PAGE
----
When it comes to protecting your skin from the harmful effects of the sun, there are a variety of sunscreen ingredients and products to choose from. Each has its unique benefits and uses, and understanding these can help you make informed decisions about your skin health. Here, we’ll compare Polypodium leucotomos (PLE) with other common sunscreen ingredients to help you gauge its effectiveness and suitability for your skin care needs. Before we get into direct comparisons, it is important to mention that using a topical sunscreen is important, even if you also take sunscreen pills. Topical sunscreens that directly interfere with solar radiation at the surface are always the best bet for sun protection. That's why these sunscreen pills are called "supplements."

Polypodium leucotomos Vs. Chemical Sunscreens

Chemical Sunscreens: These sunscreens, containing active ingredients like avobenzone, oxybenzone, octinoxate, and others, work by absorbing UV radiation through their chemical bonds. As the sunlight hits the skin, these compounds transform UV rays into non-damaging heat which is then released from the skin.

Polypodium Leucotomos: Unlike chemical sunscreens that absorb UV light, PLE acts mainly by neutralizing free radicals and reducing oxidative stress within the skin, which is often a result of UV exposure. This means PLE helps minimize the broader cellular damage caused by sunlight, not just prevent sunburn.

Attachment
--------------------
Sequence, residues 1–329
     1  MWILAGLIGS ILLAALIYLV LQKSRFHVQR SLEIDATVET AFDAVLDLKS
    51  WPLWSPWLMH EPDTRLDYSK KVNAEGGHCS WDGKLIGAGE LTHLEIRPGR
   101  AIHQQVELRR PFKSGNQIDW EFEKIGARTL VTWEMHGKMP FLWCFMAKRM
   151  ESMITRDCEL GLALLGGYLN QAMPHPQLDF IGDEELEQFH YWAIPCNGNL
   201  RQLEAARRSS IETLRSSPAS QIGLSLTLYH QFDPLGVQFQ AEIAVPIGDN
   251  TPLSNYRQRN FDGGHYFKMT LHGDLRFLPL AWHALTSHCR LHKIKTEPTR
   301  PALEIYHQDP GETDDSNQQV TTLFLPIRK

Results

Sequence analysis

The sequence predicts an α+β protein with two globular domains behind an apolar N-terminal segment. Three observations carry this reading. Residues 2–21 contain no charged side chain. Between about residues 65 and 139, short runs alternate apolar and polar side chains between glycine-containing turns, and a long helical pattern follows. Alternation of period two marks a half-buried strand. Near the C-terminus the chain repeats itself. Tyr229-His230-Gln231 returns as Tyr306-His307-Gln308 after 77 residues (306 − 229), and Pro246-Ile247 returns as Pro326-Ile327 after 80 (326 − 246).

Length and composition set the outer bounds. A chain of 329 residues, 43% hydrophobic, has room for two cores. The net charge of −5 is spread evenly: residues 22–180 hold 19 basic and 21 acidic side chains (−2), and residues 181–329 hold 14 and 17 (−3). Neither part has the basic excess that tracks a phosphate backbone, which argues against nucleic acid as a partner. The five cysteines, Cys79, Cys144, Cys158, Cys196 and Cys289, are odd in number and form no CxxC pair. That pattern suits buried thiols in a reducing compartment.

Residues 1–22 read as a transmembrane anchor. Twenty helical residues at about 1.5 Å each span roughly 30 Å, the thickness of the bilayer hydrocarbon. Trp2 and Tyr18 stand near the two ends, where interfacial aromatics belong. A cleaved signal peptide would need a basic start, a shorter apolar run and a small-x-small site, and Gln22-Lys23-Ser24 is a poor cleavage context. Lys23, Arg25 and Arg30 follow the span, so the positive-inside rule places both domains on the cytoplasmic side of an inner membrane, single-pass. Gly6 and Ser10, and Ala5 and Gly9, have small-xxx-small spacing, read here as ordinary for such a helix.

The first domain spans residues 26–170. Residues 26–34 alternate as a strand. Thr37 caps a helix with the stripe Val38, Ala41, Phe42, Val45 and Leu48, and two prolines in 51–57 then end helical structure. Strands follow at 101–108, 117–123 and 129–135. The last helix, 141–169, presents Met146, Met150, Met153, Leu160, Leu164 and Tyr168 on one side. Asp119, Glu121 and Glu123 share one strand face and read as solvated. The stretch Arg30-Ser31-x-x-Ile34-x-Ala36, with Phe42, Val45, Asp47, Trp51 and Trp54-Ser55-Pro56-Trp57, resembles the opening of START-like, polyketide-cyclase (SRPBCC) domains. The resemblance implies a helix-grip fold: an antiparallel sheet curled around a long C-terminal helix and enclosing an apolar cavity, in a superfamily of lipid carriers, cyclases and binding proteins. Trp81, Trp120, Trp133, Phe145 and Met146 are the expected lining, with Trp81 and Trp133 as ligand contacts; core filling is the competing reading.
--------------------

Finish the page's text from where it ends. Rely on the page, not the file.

Key Differences:

  • Mechanism of Action: Chemical sunscreens absorb UV rays while Polypodium leucotomos provides an internal antioxidant defense, combating the free radicals generated by UV exposure.
  • Application: Chemical sunscreens are applied topically and need reapplication every few hours, especially after swimming or sweating. Polypodium leucotomos, taken orally, offers a form of internal sun protection that complements topical sunscreens, especially in hard-to-reach areas.
  • Irritation Potential: Some chemical sunscreens can irritate sensitive skin or cause allergic reactions. Polypodium leucotomos is generally well-tolerated, with fewer reported side effects, making it suitable for people with sensitive skin.

Polypodium leucotomos Vs. Physical (Mineral) Sunscreens